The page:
[Coco] Biggest OS-9/Nitros-9 HD?
gene.heskett at verizon.net
Sat Sep 24 23:02:04 EDT 2005
On Saturday 24 September 2005 16:55, Dave Kelly wrote:
>Gene Heskett wrote:
>>>byte x 8 bits = 2048 sectors of storage x 256 (sector size) =
>>>624,280 hard disk size possible.
>I'll accept your 524,288 if you accept that at the time I multiplied
>that this morning I had a hurricane in the neighborhood.
>> You are calulating how many clusters the disk can contain I take
>>it. But kcalc gives me 524,288 clusters for 65536 (maximum FAT
>>size) x 8 (bits per byte). That translates to a maximum disk size
>>if a cluster is 1, of 134,217,728 bytes. Changing the cluster
>>size by powers of 2 is one option and the code is in rbf.mn to
> This is what I remember, although I have had a couple of dreams
> since I first conceived this understanding :)
Bad ones no doubt.
> The storage area on the disk that tells if a sector is in use is of
> size sector, 256 bytes. Each bit in that sector that is set
> denotes that a sector is in use, if the 3rd bit of the sector is
> set, the 3rd sector is in use, and not to be overwriten.
Thats correct Dave, _if_ the cluster size is 1. If its two, then each
bit represents 2 sectors (512 bytes) , 4, then its 4 sectors or 1kb of
disk per bit. 8=2048 bytes of disk, 16=4096, etc etc.
> If the above is correct then 256 x 8 = 2048 places are alloted to
> mark a cluster in use. Each cluster is one sector in size or 256
Only if the cluster size is 1. For a cluster size of 8, then each
bit in the FAT represents 2048 bytes worth of disk.
> My understanding is that 48 - 5 bite date units at the end of the
> file descripter were there only to allow the file to be spread over
> the entire disk if needed, or where ever there was an empty sector
Yes, each one divided into a 3 byte Logical Sector Number, and a 2
byte length. It was this last item in the rbf.mn's (its been fixed
now) that we thought maybe it was safe to use a bit as an archival
bit. It worked great till the coco's files started to grow, and use
the 47th of these 'bins'. The algorythm that stops the clearing of
bits in the fat when a file is deleted uses the 2 byte size as a
trigger to clear bits in the FAT, but since the LSN of the 48th
segment is $00 00 00, then the first sector was then cleared. The
next write then overwrote LNS0. Boom. Unrecognizable disk without
LSN0's valid contents. I was aware of that, and usually ran with a
dmode SAS=40 (or more) which reduced the number of bins sufficiently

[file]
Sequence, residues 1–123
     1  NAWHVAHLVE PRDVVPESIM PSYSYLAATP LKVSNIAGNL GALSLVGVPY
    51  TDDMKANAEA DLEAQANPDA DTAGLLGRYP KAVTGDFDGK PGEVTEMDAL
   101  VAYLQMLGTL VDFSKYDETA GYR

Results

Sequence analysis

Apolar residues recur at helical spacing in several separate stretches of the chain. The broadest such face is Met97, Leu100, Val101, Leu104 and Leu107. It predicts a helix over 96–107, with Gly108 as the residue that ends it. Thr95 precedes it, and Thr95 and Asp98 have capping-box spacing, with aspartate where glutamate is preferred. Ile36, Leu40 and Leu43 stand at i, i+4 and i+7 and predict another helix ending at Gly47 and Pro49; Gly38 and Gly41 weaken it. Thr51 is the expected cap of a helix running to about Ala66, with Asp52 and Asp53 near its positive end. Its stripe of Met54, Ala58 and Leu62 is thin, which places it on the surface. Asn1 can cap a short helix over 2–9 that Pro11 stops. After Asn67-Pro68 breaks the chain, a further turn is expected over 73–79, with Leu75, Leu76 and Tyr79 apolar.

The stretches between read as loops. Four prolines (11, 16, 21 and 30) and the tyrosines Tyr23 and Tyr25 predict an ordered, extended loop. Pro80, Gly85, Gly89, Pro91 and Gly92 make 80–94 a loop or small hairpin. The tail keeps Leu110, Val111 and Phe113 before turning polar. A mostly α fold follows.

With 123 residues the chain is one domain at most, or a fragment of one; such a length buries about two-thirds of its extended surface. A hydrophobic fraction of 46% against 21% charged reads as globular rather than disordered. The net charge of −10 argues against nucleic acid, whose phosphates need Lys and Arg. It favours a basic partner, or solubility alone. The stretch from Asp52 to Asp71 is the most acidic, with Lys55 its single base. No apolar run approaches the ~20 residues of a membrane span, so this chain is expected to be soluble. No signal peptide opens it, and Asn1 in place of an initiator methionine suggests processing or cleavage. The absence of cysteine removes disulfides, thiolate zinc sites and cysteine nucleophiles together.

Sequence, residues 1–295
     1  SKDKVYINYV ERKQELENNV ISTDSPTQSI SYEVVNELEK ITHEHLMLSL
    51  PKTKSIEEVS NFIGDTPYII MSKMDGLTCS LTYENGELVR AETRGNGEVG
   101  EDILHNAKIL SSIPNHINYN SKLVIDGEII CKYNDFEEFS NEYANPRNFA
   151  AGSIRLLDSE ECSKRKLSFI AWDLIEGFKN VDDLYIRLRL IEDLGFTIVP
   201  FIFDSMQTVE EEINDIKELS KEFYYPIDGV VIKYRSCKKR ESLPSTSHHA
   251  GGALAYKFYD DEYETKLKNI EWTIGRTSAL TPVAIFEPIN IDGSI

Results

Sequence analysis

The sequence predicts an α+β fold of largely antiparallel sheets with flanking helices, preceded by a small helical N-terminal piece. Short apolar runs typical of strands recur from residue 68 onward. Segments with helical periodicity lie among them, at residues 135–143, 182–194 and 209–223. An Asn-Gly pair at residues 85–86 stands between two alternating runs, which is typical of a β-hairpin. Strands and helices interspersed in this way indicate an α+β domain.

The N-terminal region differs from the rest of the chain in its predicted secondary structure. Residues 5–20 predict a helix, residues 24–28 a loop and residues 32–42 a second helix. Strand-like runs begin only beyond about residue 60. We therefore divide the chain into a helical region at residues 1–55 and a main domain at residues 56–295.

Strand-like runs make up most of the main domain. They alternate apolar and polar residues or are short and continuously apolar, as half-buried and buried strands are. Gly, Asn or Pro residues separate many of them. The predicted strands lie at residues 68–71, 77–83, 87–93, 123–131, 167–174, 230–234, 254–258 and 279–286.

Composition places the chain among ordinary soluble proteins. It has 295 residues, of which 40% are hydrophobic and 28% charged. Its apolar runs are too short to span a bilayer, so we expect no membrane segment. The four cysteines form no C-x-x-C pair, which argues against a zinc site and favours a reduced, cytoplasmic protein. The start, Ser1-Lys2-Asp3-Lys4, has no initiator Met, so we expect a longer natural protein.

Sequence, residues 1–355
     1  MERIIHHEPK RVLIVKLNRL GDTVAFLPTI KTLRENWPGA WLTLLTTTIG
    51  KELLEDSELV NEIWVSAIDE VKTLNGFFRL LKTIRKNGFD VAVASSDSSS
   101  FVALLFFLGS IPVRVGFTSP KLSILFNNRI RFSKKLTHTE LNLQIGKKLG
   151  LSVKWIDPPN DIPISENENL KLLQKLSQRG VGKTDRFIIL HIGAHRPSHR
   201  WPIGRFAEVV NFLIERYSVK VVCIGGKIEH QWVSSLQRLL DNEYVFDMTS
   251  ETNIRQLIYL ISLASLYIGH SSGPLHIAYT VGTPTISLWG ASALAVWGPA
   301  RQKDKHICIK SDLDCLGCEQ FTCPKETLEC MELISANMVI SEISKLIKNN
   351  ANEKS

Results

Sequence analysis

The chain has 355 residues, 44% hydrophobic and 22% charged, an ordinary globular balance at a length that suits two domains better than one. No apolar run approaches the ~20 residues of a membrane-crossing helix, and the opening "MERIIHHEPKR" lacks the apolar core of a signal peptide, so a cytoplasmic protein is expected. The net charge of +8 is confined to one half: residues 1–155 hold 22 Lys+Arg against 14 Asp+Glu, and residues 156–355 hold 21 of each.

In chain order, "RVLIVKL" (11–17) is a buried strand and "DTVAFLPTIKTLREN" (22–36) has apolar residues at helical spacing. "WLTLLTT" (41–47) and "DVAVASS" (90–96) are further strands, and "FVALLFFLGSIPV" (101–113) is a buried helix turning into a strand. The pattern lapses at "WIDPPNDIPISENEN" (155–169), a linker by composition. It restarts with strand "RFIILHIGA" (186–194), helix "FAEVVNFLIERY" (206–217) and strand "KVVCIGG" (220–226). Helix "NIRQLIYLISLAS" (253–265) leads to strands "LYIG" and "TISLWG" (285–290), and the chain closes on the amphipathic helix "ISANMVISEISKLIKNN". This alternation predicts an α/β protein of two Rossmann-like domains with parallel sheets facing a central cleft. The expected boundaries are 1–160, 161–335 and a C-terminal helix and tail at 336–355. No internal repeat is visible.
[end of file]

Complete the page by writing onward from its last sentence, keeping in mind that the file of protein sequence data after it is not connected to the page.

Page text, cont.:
that it wasn't a problem. But several people did lose their drives,
and without the resources and knowledge to be able to call dEd on the
drive, and manually restore a valid LSN0, they had no choice but to
format the drive and lose all their life history.
If a reader here is reading this, my apologies if you were one who
I'm an old hand at that, the first B&B kit I had had this nasty habit
of reading the FAT and handing the OS a fully zeroed out sector. I
fought with it, replaced the controller in the B&B twice, replaced the
drive once, and never managed to nail down the cause. That thing cost
me several hundred megabytes of data, 8 to 16k at a time from
overwriteing good files when it thought the area was free. After a
while and quite a bit of education I had a copy of LSN0 on a floppy
just for insurance, along with a little B09 routine to re-install it.
Then I got a disto and a scsi drive and discovered it wasn't an os9
bug as it never happened again.
All because I, and the author of backar, thought it would be nice to
be able to do incremental backups by backing up anything with that
bit set in its file descriptor, which was set by any write to the
file, and then clearing the bit. A good idea, with very disastrous
side effects under the right conditions. And I still, 10 years
later, haven't managed to come up with a bit anyplace in the FD that
we could use, each and every bit is committed one way or another.
So we are to this day, stuck with backing up everything when we do a
backup as there is no way in os9 to mark a file as changed.
"There are four boxes to be used in defense of liberty:
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-Ed Howdershelt (Author)
99.35% setiathome rank, not too shabby for a WV hillbilly
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Copyright 2005 by Maurice Eugene Heskett, all rights reserved.
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